Wednesday, November 10, 2010

Niger, Here We Come!

Hi, to all blog readers:
Sorry for the lapse in posts but this is the first time we’ve had internet access since departing the US on October 22.
The energy of the group was palpable—44 new Peace Corps trainees arriving in a foreign land’s airport. Niamey, Niger. After a 12 hour total flight from Philadelphia to Paris to Niamey on October 22 , our flight e We amade its approach from the sky with views of desert, patches of green and the muddy Niger River. And the sun was beaming down producing heat of around 100 degrees. The rainy season in Niger just finished andnow the temperatures are more moderate—mini hot—to be followed by the cold season and then the hot season. We arrived at the best time to acclimate to a new climate and place to live.
Meeting us at the airport was Tondi, a tall, smiling, friendly and bold voiced Nigerien who is the Training Manager for the Peace Corps training site in Niger. He ushered all 44 of us through baggage claim ( NO lost bags—unbelievable!), security, and customs and then into 2 waiting vans. Each van would have 4 layers of luggage roped to the top as we all piled inside, hot, exhausted but elated at finally being in our new country. Off we went, 44 official Peace Corps trainees all with the hope of meeting the tough standards required for being sworn in as official volunteers on December 30. Most of the trainees are in their 20’s, Dave and I are the oldest .One other couple from India is our age. So far everyone is congenial as the honeymoon season is still in effect. One girl left 3 days after arriving in Niger for unannounced reasons. Language instruction 6 hours per day mixed with technical, cultural, safety and health training was ahead. Niger is a country with many health and safety challenges so these topics are carefully addressed with us. Understanding and adapting to a totally new culture is on-going as we are all immersed in small villages near the training center. Dave and my family includes a husband , 2 wives (1 pregnant) ,and 6 children. There is a large extended family also. We don’t know yet exactly what all the relationships are. Our village is without electricity or running water. Well water is available and we’ve learned to treat our water with chlorine to assure safety for drinking. We also installed a hand washing device invented by Jock Brandis at the Full Belly Project in Wilmington, NC so that we can wash our hands frequently and easily. We will soon run out of hand sanitizer and hand wipes. Hopefully, others in our village will try this idea, wash their hands more often and have fewer diseases caused by hand to mouth contamination.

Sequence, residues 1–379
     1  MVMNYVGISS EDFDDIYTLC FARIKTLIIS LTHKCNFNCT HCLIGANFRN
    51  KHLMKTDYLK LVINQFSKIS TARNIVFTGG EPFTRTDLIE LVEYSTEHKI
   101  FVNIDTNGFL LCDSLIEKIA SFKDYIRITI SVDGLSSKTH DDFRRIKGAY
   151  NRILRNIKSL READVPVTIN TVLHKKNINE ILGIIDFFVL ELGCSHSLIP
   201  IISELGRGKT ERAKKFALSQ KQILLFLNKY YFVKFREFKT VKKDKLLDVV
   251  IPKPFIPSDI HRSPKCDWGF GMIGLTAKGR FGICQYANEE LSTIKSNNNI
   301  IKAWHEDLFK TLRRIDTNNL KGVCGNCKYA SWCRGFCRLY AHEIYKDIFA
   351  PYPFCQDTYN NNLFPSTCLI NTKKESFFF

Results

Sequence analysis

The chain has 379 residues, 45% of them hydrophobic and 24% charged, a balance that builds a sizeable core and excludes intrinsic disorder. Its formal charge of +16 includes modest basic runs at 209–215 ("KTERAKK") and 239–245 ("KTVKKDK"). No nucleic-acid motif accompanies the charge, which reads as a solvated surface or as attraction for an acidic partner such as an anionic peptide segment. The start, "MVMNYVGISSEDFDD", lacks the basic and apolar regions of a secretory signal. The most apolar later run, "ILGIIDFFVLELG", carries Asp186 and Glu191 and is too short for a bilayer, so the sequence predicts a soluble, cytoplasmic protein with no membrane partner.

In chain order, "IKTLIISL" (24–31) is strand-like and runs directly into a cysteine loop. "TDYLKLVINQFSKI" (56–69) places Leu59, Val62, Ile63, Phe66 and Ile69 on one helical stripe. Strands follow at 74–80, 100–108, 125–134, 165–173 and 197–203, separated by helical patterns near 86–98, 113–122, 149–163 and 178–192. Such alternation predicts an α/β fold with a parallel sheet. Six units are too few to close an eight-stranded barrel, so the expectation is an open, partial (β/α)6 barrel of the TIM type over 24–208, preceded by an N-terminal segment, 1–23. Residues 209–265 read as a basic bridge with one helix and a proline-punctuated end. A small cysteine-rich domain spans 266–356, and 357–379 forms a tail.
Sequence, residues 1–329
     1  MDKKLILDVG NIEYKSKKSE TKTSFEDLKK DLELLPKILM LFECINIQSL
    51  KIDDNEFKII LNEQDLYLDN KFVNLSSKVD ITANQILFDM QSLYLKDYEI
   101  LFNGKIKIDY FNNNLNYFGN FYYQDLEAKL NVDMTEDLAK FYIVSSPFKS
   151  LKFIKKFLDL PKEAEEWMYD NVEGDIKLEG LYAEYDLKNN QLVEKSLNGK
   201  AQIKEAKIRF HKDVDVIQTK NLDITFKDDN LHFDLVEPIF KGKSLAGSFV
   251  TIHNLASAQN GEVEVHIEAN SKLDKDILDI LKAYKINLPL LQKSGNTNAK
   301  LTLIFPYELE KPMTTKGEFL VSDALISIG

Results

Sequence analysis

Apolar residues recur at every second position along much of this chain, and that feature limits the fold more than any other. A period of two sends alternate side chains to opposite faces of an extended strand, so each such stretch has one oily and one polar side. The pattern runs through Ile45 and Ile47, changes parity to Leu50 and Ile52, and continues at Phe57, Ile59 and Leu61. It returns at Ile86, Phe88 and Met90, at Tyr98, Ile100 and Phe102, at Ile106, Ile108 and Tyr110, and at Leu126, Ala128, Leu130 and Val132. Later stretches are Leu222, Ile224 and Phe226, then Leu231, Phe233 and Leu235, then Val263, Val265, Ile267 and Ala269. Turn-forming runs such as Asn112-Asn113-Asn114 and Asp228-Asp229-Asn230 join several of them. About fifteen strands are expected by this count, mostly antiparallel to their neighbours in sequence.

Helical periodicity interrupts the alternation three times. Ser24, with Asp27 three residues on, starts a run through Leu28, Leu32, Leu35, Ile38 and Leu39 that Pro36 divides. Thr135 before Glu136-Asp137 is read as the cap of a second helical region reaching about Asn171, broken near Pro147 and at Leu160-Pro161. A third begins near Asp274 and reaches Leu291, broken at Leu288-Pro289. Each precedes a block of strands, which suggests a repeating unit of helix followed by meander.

We eat dinner and some lunches with our family. Rice is served at both meals. Fruits and vegetables are almost non-existent as are calcium containing foods. Peace Corps provides multi-vitamins and calcium tablets. We all try to find fruit at village stands but oranges and bananas are about all we can find and not every day. Due to the heat , drinking plenty of water is crucial. Never having been a water drinker, this has been a challenge but with temperatures in the upper 90’s and lower 100’s, it is not hard to change bad habits and drink a lot of water.
Dave and I and many of the Peace Corps trainees have discovered a small street store near the training site where we can buy orange soft drinks that are actually COLD. That is our daily treat after our classes and other activities. It has replaced a daily glass of wine which, strangely, we have not really missed.
How are Dave and Judy doing? We are fine or “bani samay walla” in the Zarma language we are studying and struggling to learn. We aim to pass the language test at the end of the training period. We have a forty minute walk to the Peace Corps training site, warm in the morning and hot in the evening. Bucket baths are amazingly refreshing but do not come close to the luxury of a good shower.
What brightens a hot day as we return to our mud hut , our heads filled with new materials and languages, are the beautiful smiles on the faces of the Nigerien people as we walk through the trash strewn streets. There is no such thing as recycling or garbage pick-up so people just throw their trash in the street In the small villages.
We feel as if we’ve ducked into a rabbit hole and emerged in the Middle Ages. We’ll keep you, our dear family and friends posted on what happens next, whenever we have computer access. We wish you well. "Alhamdulilahi” or Thanks be to God, in any language and in any culture. Judy


  1. Seems you are adapting wonderfully--amazing how little you miss most things and just become part of the new. Good luck with learning Djerma, which tells me what part of Niger you'll be assigned to. Take good care of each other...Lynne

  2. Miss you dearly but pleased to hear the joy in your describing your adventures. Though not much of a wine drinker, I will have one in your honor to toast the both of you for doing what Jim and I hoped to do one day and we know you'll both do it well. A credit to the U.S.
    Hugs,Katie Freeman

  3. So happy to hear from you. We think of you often and hope you are ok. After reading your blog all I can say is WOW--- what and adventure. They are lucky to have you there.

    Take care and know you are thought of often.
    Love to you both. Edley and George

  4. What a great update! I love reading about the daily walks, the families you are living with (2 wives - luck guy? or not so lucky - not sure!) and the food you are eating. We miss you both and are so amazed. I will have a glass of wine in your honor tonight and Chris will have a Dr. Pepper!

    Love you!